A few weeks ago, my friend and I went out to Cihu Mausoleum Park, in Taoyuan County, to see Chiang Kai-Shek’s preserved remains and the garden of abandoned Chiangs. I would say, without exaggeration, that this is the most surreal place in Taiwan that I’ve been to all year.
I had wanted to go see the Generalissimo’s former summer home after my professor at Zheng Da explained to me that Chiang Kai-Shek has never been buried. Instead, his preserved body waits in his former home for the day that the “Republic of China” reclaims the China mainland from the “Communist rebels,” at which point it will be given a traditional burial in his hometown. However, the “Republic of China” retreated to Taiwan in 1949, more than 60 years ago, and Taiwan has not had a seat in the United Nations for 40 years. So the pickled body of Chiang may be waiting for quite a while. Continue reading
The view of Silai from Yanping Historic Street, a road that runs through the middle of town and showcases preserved and reconstructed traditional Taiwanese architecture.
In May, I went back to my grandfather Thomas Liao’s hometown of Silai, to meet people, conduct oral history interviews, and look for documents about Thomas’s life, family, and political career.
This was my second trip– the first was a somewhat ill-advised round trip scooter ride from Chiayi City that I did in one day and took 5+ hours. But this time, I had made contact with a very kind host, Stella Chen, who introduced me to everyone she knew in the greater Silai area (between Taichung and Chiayi), and everyone I met introduced me to everyone THEY knew, who might know something about the Liao family, or remember a funny anecdote, share a photo, or take me walking around a historical part of the town.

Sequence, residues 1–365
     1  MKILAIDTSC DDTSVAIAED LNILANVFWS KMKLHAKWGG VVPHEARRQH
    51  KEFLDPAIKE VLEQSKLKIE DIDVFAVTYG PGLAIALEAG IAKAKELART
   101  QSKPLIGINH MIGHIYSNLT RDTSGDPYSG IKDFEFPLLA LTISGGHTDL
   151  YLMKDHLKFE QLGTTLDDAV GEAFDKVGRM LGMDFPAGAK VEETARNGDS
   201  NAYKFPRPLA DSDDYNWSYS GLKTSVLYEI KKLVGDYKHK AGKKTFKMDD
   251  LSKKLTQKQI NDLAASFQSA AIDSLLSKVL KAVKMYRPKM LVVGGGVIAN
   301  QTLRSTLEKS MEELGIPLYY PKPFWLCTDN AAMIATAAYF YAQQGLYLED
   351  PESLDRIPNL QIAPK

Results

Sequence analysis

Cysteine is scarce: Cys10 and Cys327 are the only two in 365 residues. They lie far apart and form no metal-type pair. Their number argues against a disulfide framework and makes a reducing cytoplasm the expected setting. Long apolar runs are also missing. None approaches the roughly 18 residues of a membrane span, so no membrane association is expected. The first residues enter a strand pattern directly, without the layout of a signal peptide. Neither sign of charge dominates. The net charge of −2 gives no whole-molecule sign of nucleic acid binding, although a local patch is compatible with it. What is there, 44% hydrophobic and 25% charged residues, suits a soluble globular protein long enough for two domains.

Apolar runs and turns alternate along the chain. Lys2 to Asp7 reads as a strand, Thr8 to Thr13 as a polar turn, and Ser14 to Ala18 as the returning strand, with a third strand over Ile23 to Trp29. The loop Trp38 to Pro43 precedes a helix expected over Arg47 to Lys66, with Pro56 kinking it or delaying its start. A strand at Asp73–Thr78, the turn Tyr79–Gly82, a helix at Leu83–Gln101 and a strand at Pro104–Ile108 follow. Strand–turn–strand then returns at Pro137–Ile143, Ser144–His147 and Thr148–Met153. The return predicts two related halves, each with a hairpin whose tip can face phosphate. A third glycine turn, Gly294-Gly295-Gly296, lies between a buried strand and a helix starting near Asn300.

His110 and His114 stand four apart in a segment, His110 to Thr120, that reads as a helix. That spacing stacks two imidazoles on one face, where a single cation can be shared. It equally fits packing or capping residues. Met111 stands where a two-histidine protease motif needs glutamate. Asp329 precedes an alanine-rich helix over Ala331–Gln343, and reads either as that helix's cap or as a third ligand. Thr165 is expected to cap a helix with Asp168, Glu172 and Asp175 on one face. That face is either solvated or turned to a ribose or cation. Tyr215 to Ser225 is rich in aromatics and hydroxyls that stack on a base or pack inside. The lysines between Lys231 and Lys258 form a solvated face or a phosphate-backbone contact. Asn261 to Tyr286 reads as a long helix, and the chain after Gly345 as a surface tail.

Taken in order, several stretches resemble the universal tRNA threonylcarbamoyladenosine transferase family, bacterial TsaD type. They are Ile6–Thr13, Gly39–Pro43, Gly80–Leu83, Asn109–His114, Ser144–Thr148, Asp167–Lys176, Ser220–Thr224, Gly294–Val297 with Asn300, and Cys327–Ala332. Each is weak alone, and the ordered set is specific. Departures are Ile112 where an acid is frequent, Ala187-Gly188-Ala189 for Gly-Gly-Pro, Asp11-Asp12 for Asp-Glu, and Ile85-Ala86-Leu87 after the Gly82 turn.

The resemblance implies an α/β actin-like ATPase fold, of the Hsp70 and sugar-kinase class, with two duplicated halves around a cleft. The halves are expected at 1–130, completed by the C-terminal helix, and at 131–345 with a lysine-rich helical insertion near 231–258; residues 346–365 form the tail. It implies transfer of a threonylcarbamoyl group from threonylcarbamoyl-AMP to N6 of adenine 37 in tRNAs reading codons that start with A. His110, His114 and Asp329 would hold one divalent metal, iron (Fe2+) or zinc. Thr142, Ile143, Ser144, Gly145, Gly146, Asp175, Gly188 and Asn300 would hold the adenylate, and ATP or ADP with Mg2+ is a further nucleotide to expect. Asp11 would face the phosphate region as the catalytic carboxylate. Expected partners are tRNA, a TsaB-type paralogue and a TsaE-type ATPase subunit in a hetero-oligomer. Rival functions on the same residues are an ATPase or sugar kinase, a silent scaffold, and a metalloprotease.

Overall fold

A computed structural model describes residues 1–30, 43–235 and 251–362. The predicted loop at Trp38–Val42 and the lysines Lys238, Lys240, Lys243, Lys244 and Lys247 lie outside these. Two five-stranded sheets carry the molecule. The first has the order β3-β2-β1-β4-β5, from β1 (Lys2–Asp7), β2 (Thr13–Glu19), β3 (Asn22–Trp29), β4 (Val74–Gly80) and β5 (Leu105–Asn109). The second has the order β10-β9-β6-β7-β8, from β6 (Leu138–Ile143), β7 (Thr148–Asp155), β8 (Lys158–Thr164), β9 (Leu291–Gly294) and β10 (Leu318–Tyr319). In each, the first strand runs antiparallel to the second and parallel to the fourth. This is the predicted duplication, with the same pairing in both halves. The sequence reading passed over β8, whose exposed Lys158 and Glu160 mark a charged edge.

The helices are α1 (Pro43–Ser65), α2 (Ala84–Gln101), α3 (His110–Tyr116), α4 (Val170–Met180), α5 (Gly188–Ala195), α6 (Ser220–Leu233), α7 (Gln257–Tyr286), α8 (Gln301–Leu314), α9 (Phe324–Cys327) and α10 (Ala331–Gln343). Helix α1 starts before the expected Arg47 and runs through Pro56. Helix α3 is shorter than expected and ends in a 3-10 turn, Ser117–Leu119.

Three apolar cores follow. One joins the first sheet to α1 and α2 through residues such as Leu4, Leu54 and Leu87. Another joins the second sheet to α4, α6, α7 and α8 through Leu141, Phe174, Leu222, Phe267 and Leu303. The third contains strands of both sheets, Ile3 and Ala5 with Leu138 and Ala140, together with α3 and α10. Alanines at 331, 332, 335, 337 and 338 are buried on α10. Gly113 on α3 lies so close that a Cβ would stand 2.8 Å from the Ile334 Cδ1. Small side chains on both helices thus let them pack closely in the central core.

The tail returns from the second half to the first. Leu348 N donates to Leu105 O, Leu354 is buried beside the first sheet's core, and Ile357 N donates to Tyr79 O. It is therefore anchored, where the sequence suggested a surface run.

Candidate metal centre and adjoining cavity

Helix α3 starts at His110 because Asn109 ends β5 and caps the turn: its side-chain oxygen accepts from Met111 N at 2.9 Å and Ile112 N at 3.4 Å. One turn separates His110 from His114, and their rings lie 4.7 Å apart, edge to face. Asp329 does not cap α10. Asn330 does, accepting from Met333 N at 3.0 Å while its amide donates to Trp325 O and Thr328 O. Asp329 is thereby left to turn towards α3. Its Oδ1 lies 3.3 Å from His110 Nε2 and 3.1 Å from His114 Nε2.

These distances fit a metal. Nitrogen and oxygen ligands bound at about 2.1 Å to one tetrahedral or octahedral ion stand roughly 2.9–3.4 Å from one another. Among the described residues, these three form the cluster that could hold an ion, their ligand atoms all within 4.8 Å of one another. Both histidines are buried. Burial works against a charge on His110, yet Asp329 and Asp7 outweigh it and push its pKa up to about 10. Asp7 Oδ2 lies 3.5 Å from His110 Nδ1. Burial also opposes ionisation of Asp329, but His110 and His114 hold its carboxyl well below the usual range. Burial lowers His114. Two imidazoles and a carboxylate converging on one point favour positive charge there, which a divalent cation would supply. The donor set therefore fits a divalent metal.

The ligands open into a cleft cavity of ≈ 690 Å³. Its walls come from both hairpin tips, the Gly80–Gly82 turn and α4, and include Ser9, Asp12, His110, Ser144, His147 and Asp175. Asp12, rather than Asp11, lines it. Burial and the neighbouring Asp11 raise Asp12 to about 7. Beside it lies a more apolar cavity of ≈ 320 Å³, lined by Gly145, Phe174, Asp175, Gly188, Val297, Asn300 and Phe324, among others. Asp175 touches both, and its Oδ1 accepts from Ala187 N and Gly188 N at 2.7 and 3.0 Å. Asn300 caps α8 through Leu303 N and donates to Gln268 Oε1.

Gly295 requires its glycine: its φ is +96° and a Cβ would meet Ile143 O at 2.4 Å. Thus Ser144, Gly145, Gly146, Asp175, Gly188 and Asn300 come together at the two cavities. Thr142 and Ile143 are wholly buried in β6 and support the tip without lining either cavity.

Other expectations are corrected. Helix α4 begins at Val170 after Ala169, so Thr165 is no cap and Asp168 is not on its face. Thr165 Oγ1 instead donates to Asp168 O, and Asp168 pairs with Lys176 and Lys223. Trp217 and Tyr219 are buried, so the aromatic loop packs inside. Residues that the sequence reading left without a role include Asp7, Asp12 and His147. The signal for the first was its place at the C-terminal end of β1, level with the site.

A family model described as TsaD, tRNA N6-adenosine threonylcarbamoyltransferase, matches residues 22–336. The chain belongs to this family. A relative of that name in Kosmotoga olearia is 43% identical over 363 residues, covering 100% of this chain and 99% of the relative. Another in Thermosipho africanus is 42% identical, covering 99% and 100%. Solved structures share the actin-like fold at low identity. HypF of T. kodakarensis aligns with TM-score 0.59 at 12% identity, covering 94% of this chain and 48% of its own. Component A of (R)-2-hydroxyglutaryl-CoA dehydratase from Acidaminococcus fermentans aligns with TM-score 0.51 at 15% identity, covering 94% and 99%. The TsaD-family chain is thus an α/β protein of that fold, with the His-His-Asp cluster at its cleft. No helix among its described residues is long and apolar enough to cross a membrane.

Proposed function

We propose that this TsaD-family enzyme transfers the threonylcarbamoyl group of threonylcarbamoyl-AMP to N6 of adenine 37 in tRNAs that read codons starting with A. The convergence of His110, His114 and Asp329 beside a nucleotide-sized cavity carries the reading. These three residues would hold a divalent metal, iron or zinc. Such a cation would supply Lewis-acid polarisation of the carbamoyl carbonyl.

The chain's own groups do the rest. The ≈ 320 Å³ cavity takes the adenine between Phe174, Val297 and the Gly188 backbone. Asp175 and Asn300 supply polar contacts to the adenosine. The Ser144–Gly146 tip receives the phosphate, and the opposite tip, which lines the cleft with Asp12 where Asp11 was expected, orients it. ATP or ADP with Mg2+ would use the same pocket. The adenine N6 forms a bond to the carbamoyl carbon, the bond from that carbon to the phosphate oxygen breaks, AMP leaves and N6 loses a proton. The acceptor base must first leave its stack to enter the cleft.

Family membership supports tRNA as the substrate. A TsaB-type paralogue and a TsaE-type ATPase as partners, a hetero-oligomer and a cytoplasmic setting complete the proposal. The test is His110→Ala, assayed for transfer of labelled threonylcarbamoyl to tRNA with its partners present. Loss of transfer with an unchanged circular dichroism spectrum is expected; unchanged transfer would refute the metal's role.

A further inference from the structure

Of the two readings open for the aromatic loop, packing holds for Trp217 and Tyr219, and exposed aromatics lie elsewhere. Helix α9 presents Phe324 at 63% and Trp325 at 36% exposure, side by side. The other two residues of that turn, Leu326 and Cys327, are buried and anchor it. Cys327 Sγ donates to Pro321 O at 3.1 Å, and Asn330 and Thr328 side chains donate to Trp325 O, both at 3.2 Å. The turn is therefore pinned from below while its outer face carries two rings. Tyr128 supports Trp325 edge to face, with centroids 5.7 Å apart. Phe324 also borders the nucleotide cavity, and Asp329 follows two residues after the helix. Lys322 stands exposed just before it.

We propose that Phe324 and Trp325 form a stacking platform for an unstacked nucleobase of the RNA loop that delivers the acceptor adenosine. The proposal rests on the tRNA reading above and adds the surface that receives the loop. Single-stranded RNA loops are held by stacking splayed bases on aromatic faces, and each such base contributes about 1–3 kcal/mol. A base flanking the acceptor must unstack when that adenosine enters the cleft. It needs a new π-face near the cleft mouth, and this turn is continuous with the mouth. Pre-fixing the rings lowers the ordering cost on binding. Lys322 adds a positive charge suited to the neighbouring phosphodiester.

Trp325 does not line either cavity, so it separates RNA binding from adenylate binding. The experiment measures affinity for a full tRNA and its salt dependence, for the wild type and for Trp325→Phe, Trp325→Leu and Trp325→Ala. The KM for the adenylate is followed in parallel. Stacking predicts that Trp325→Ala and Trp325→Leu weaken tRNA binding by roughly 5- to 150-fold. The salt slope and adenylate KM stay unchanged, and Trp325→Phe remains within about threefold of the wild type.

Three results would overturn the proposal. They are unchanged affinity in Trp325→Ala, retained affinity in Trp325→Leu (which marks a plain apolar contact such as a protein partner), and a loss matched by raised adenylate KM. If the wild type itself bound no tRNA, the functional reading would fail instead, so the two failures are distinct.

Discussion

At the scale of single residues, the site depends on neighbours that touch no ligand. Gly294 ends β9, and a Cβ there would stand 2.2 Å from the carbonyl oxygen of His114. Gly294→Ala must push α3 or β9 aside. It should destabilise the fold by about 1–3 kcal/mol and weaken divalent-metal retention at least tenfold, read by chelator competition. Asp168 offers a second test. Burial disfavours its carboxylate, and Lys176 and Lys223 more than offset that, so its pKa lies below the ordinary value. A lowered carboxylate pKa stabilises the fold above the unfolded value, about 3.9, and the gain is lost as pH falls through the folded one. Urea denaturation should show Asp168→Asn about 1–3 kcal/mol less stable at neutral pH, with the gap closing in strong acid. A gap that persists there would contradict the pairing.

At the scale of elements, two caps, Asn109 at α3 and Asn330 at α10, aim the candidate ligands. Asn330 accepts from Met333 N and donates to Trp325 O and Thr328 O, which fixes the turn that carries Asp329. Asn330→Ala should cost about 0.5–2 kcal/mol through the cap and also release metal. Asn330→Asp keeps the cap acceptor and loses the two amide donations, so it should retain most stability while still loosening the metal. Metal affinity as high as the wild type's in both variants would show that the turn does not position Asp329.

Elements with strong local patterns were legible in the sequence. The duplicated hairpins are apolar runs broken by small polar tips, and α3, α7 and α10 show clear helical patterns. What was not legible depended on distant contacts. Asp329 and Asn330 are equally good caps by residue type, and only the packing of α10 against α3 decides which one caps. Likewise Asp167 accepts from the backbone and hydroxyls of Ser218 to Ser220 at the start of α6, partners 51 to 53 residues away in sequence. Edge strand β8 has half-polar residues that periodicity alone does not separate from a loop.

To say the least: it was intense.
To introduce a series of posts about visiting my grandfather’s hometown of Silai (in Mandarin Siluo, Xiluo, 西螺), here’s a sweet song and video slide show, made by the town’s historical society!! It’s called the Luoyang Culture and Education Foundation, or: 螺陽文教基金會.
So I hope you’ll give it a watch if you want to see how the town looks now– in Silai itself, there are some beautiful historically preserved old buildings, collections of old photographs and books at the historical society, and a traditional soy sauce museum and factory. Continue reading
Dusky, rainy Hong Kong turns on its lights. Taken from a desk at the Hong Kong Public Library-- 1 of the 4 libraries I scoured in 3 days. Who says being a geek isn't fun?!?
I went back to Hong Kong at the end of June, but instead of tourism, boat-related travel, Fulbright conferences, or even Dim Sum being my objective, I went there to visit libraries and try to find out more about Joshua Liao. (Or, Liao Wen-Kui, Wen-Kwei, Wen-Kwui, or Wen-Kuei, depending on your romanization style.)
Joshua was five years older, and was apparently a major figure in Thomas Liao’s life. Continue reading
Today, I met one of the biggest Taiwanese Independence rockstars out there: Professor Peng Ming-Min. He could be considered the Jagger, the Morrison–or maybe even the Lennon–of Taiwanese independence history and activism.
And the first thing he said to me? “I’ve heard about you! I must say, I had great admiration for your grandfather.”
Okay, to explain now: Continue reading
I recently returned from a trip to Hong Kong for a Fulbright-related conference, which allowed me the opportunity to do some family history research. I knew that my father’s family had fled the KMT government in 1947 or 1948 to seek safe haven in Hong Kong, and they lived there together until 1951. My grandfather Thomas Liao (廖文毅) had been in Shanghai during the 228 Incident in 1947, and couldn’t return to Taiwan at risk of death. So the family reunited in Hong Kong, and my Aunt Jeanne remembers those years as some of the happiest the family ever spent together, before my grandparents were separated by the Taiwanese Independence movement, for which work Thomas moved to Tokyo.